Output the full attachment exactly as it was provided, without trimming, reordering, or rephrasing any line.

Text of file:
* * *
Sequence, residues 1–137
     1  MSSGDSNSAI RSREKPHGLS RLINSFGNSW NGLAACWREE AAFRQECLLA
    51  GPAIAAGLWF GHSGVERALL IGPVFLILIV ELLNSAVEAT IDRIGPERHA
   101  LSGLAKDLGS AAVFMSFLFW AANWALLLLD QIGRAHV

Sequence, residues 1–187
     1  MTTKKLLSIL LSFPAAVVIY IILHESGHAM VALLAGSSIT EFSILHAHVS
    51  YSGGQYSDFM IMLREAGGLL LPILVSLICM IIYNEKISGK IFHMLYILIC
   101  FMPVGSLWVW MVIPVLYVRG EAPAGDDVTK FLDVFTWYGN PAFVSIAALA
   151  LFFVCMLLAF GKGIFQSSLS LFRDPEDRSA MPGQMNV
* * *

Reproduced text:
Sequence, residues 1–137
     1  MSSGDSNSAI RSREKPHGLS RLINSFGNSW NGLAACWREE AAFRQECLLA
    51  GPAIAAGLWF GHSGVERALL IGPVFLILIV ELLNSAVEAT IDRIGPERHA
   101  LSGLAKDLGS AAVFMSFLFW AANWALLLLD QIGRAHV

Sequence, residues 1–187
     1  MTTKKLLSIL LSFPAAVVIY IILHESGHAM VALLAGSSIT EFSILHAHVS
    51  YSGGQYSDFM IMLREAGGLL LPILVSLICM IIYNEKISGK IFHMLYILIC
   101  FMPVGSLWVW MVIPVLYVRG EAPAGDDVTK FLDVFTWYGN PAFVSIAALA
   151  LFFVCMLLAF GKGIFQSSLS LFRDPEDRSA MPGQMNV